Foodie alert: A trip to Hawaii doesn’t have to be all luaus and pricey hotel restaurants.

I know what you’re thinking, and you’re right.

The immortal words of private investigator-cum-Ferrari-driving man of leisure Thomas Magnum weigh heavy on my mind as I step off the plane in Honolulu. I know what you’re thinking: why are you going to the most touristy section of Hawaii? Here’s why: that little voice inside my head told me that no matter how much I craved the white sand between my toes and the trade winds through my hair, I couldn’t abide another one of the Hawaiian buffets or insanely priced macadamia nut-encrusted onos that are de rigueur on the other islands. At home I go out of my way to seek new and eclectic restaurants, so why do I settle for pricey and soul-sucking choices the one week of the year I’m supposed to be having the most fun?

The simple answer is, it’s not the other islands’ fault—they’re just too small. Kahului, the most populous town on Maui, has a population of 26,000—that’s 5,000 fewer souls than those who live in Campbell River—so why should it provide night after night of amazing food? Honolulu, on the other hand, is a certified metropolis with almost a million people, and that means it has all the big-city accoutrements: freeways, outlet stores and, most importantly, a thriving food scene. I recently spent seven days exploring every nook and cranny of the city, from the packed beaches of Waikiki to residential neighbourhoods that tourists never see, to figure out how to score that elusive pairing: the foodie/beach holiday.

Beautiful Waikiki, photo by Olivier Koning

Best Restaurants in Honolulu

Neighbourhood: Ala Moana

Goma Tei The very chi-chi Ala Moana Center seems an odd place for cheap eats. (The $295 prix fixe Vintage Cave, where the Obamas had New Year’s Eve, is just around the corner.) But this straightforward ramen shop (for the broth-averse, it has Japanese curries as well) offers a very quick and very grounded option between visits to Neiman Marcus and Tiffany & Co. The shredded pork rice bowl with Szechuan pickle is a $10.30 standout. Pair it with a $4.25 Longboard Lager and it’s a sublime cheap eat. gomatei.comgoma-teiMW Restaurant The husband-and-wife team of Wade Ueoka and Michelle Karr-Ueoka spent nearly two decades at the legendary Alan Wong, and they’ve learned a thing or two about impeccable service and presentation from the master. But their own spot feels both more neighbourhood-y and elegant than any of Wong’s rooms. The food is expensive—a miso-honey glazed butterfish with baby bok choy will set you back $35—but not overpriced for the effort. Desserts—Michelle’s domain—are a standout, so if nothing else, drop in for a late-night splurge.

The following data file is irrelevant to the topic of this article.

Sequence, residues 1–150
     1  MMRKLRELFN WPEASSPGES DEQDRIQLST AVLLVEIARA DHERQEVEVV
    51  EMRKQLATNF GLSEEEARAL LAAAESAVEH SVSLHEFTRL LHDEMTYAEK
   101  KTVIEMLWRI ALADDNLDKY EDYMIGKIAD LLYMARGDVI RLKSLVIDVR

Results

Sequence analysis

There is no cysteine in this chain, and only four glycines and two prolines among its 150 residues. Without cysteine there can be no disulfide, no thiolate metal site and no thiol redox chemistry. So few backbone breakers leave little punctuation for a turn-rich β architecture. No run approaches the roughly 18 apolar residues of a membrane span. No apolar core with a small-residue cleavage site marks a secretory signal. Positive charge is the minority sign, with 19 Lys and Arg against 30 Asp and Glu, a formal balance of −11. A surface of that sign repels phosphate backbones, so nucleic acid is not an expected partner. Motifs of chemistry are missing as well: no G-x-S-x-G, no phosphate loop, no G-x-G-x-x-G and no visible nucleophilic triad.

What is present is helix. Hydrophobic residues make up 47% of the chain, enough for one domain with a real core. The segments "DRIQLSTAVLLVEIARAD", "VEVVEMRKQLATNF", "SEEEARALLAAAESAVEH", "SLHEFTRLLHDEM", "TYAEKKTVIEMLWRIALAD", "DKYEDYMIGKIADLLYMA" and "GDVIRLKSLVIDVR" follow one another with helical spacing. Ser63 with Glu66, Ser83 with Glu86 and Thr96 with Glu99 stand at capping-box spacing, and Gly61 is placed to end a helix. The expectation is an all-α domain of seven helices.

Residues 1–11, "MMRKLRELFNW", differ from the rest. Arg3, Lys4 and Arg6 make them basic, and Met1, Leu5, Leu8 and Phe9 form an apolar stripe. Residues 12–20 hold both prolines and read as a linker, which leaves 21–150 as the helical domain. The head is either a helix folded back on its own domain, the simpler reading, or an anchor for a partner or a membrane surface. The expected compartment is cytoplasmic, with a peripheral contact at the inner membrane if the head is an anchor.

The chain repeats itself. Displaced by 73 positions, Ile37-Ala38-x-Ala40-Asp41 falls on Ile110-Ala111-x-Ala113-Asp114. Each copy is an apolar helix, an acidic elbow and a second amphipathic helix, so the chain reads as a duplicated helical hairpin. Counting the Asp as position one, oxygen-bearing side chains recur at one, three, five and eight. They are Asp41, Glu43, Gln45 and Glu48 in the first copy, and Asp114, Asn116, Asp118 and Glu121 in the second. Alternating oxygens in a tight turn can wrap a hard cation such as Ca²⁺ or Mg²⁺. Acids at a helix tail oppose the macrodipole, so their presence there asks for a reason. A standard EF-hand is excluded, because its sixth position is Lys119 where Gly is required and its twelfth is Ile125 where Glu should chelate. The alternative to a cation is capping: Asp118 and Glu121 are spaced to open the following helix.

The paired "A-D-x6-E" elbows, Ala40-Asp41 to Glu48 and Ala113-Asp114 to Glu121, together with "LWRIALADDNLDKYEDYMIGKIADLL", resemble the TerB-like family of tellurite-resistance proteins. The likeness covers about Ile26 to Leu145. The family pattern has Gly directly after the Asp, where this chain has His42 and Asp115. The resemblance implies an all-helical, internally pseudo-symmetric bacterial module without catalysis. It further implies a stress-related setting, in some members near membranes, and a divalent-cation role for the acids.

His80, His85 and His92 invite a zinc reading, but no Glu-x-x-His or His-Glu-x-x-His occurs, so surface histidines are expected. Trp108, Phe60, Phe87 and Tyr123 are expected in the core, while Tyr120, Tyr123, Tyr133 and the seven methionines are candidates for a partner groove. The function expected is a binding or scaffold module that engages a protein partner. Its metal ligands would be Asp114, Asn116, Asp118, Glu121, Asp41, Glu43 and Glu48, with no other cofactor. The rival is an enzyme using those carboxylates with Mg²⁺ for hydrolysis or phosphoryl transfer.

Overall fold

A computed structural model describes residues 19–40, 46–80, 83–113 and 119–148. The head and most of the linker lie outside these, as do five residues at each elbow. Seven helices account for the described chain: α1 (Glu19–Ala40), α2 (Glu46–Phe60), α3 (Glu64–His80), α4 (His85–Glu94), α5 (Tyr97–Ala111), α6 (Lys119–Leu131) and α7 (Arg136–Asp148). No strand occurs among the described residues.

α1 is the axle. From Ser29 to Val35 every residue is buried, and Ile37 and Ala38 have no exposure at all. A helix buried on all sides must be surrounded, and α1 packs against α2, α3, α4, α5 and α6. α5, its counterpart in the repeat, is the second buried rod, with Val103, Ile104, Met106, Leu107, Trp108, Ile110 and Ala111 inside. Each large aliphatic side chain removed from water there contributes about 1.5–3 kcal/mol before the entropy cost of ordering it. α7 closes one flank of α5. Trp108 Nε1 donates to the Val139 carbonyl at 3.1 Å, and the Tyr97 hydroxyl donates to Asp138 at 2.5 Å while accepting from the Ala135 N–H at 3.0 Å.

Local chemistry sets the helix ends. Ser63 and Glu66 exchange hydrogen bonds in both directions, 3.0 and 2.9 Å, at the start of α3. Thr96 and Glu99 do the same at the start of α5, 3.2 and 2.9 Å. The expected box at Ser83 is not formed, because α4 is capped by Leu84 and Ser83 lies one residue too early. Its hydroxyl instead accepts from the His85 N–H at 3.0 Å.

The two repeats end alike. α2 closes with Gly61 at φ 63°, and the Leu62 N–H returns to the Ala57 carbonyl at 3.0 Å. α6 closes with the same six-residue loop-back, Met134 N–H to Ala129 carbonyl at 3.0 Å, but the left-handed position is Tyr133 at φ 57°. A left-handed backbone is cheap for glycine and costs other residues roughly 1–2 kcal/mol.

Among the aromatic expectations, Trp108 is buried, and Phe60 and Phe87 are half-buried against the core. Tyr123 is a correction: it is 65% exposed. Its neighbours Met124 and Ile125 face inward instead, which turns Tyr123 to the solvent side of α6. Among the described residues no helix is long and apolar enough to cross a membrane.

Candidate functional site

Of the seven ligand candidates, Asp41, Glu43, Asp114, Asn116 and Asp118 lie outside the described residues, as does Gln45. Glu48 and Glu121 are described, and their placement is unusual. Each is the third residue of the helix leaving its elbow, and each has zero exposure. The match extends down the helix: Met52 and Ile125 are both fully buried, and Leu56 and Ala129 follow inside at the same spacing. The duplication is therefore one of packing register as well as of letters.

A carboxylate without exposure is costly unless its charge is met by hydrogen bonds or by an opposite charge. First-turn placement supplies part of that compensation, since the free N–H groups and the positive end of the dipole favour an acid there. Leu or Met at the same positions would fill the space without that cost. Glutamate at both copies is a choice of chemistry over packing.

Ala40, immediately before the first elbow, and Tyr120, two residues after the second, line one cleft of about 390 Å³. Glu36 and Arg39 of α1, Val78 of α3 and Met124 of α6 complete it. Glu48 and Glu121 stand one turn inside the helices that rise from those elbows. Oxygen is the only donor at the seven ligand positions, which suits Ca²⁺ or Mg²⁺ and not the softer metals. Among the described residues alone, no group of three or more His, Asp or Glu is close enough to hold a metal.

Amuse Wine Bar This spot, along with its sister restaurant, Stage, is oddly located on the second floor of the Honolulu Design Center, which means you walk through a furniture showroom to get there. Luckily, it’s a nice showroom—think Moooi and B&B Italia—so Amuse is one of the best-appointed rooms in town. They have more than 80 wines available by the pour—a surprisingly urban counterpoint to your beach holiday.

Neighbourhood: Waikiki

Marukame Udon For the past five years, Marukame has reigned as the people’s choice for Honolulu udon, helped by its proximity to Waikiki and its rock-bottom prices (spending more than $6 is a trick). The bitter truth is…it’s totally worth it. Its freshly hand-pulled noodles merit the permanent lineups, so if time is tight, you have two options: go for a ramen breakfast (which is a revelation) or head downtown to the new location on Fort Street.

Bills Sydney A laid-back Aussie restaurant becomes so famous that it expands to Tokyo and is so beloved there that it expands to Honolulu—to service its Japanese fans. It’s not the normal path to building a mini-empire, but Bills seems to relish being different. It’s only a block off the beach, but as you enter into the expansive second floor, with its overhead ceiling fans and modern colonial decor, you’ll feel like you’re a million miles away from the hustle of Waikiki. The menu is a well-priced ode to healthy eating—a butter lettuce, shiso and avocado salad with lime dressing is a scant $6—and the coffee on the main-floor outlet is the best in the area.

Photo by Mikel VangMorimoto at the Modern Hotel The legendary Iron Chef is famous for his meticulous approach to Japanese cuisine and the accompanying cost for such perfection. This spot in the Modern is breathtakingly beautiful: white sheets blowing in the wind and note-perfect lighting create a setting that feels more New York than tropical. The pricey menu—the omakase menu is $120/person—highlights the union between Japanese precision and the island’s natural bounty. morimotowaikiki.comMorimoto at the Modern Hotel, photo by Olivier Koning